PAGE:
1.9. Strive for a more attractive and sustainable public space system.
While Arlington County already has many well-designed spaces and sustainability policies guiding its public spaces, continuing to improve in these areas will aid the County in meeting its energy use and sustainability goals and help create a cohesive identity for the County’s public realm.
1.9.1. Create design standards for park amenities.
To ensure a consistent process for design that results in high-quality and high-functioning spaces, standards will be set that utilize best practices, follow national standards, address operations and maintenance costs, and meet accessibility and sustainability requirements.
1.9.2. Strive for design excellence in the development and renovation or replacement of parks and amenities.
Design excellence requires an attention to the quality of design in built structures, landscapes, the way they interact with each other, and how they interface with their surroundings. Considerations may include the sensitive and appropriate use of materials, plant palettes, locally native plants and the inclusion of horticulture.
1.9.3. Explore using a rating system such as the Sustainable Sites Initiative (SITES) for a pilot project to design sustainable landscapes.
1.9.4. Opt for sustainable design elements where appropriate.
Sustainable design elements may include those made with recycled, salvaged or locally produced materials, those that consume few resources, those that produce or are powered by renewable resources (e.g., solar panels) or those that reduce maintenance and life cycle costs. Designs should reflect the goals laid out within the Stormwater Master Plan, Community Energy Plan or other relevant County plans.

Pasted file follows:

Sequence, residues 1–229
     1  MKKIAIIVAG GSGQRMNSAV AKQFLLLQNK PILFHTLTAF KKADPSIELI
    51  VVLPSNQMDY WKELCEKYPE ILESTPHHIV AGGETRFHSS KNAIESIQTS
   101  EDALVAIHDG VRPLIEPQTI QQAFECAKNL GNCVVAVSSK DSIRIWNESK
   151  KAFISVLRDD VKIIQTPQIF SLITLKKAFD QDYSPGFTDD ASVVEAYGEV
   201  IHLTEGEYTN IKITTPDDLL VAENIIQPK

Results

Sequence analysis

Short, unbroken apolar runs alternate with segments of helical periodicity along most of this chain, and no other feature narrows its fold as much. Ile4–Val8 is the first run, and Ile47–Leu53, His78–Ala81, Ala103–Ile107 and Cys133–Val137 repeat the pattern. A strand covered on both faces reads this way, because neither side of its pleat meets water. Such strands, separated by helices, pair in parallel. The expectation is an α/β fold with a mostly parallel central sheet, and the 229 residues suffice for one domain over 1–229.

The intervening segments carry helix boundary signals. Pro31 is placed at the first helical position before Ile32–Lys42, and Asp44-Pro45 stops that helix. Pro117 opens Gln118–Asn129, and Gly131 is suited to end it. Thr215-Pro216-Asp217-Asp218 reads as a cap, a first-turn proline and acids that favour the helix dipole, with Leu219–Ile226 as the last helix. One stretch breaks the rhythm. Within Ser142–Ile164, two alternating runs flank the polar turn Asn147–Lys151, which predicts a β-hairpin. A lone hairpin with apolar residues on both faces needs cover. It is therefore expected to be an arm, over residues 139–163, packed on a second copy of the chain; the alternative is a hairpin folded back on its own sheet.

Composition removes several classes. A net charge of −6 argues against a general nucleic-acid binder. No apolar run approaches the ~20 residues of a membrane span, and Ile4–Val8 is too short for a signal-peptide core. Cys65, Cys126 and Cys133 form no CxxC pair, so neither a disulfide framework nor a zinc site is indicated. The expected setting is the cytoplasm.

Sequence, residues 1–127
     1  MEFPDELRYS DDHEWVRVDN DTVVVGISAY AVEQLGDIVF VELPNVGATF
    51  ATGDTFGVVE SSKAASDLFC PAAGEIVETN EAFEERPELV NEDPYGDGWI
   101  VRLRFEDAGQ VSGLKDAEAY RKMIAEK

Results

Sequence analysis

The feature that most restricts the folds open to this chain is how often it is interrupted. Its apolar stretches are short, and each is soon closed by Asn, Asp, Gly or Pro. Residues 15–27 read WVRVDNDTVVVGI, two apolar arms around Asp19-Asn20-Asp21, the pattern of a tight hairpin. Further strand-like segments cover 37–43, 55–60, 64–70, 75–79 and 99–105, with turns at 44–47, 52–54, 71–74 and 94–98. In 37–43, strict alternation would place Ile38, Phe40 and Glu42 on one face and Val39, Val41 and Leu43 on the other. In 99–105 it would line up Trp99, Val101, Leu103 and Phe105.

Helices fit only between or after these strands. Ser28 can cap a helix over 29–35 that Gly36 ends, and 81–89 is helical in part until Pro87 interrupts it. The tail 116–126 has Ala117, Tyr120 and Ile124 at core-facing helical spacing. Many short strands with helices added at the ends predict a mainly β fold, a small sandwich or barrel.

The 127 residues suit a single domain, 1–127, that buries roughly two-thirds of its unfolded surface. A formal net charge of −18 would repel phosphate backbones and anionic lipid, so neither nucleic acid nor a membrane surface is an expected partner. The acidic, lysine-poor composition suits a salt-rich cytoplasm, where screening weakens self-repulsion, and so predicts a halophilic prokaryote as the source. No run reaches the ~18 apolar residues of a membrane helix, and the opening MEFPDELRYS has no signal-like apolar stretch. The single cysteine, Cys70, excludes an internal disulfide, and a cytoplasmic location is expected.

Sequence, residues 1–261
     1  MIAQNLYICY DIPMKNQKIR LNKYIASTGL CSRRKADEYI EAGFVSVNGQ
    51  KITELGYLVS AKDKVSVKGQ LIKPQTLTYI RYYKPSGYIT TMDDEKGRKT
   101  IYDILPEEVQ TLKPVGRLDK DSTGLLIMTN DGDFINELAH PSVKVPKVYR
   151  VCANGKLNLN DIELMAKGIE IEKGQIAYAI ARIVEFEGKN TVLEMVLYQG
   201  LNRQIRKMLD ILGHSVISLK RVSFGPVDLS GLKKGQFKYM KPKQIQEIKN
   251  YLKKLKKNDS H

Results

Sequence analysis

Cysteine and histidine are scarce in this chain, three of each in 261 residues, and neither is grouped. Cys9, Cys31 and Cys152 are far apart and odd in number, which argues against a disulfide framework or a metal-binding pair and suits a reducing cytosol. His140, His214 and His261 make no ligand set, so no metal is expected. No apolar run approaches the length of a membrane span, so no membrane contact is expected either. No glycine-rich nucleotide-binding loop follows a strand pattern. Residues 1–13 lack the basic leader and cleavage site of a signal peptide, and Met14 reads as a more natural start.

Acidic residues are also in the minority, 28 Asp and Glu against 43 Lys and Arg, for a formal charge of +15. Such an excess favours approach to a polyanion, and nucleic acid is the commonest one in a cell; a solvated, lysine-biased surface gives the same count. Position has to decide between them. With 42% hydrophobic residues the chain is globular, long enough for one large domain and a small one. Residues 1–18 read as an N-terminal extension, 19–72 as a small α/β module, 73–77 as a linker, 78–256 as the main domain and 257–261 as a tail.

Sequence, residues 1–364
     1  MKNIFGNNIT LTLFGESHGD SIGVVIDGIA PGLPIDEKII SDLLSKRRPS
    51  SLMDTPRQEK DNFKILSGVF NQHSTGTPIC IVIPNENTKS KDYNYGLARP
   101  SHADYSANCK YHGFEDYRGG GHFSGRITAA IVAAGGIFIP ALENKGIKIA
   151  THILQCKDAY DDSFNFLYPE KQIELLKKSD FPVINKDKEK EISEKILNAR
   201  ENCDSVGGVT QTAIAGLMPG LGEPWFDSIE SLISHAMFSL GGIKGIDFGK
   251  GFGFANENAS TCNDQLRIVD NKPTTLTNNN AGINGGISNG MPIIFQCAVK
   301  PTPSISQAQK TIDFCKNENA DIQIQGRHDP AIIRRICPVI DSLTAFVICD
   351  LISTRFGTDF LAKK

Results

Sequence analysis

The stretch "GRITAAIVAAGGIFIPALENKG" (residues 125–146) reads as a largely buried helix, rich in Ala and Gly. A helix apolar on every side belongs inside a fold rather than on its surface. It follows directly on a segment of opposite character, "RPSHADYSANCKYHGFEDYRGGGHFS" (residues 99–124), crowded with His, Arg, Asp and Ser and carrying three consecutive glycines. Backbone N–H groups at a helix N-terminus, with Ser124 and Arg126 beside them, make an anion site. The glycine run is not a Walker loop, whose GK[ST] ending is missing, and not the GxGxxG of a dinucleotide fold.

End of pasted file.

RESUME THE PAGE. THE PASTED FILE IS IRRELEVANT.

1.9.5. Promote the planting, preservation, maintenance and increase of canopy trees and native plants on public and private land.
Arlington’s tree canopy provides many economic and environmental benefits. Trees aid with reducing the urban heat island effect and mitigating stormwater/flooding, and create comfort and health in a shaded environment. Increasing tree cover will also help advance the goals laid out in the Urban Forest Master Plan.
1.9.6. Incorporate public art into public spaces in alignment with the Public Art Master Plan.
One of the guiding principles of the Public Art Master Plan is for public art to be a tool for placemaking — creating meaningful connections between people and places important to civic life. Public art can reflect local history, culture and neighborhoods.
Well integrated public art can enliven and enrich public spaces, drawing more users and making for a more attractive and interesting experience. Continued programming related to the public art collection can attract new users, activate spaces and serve to embed the spaces and the artworks into the civic consciousness. Public art that is interactive and can be used for play and recreation should be encouraged.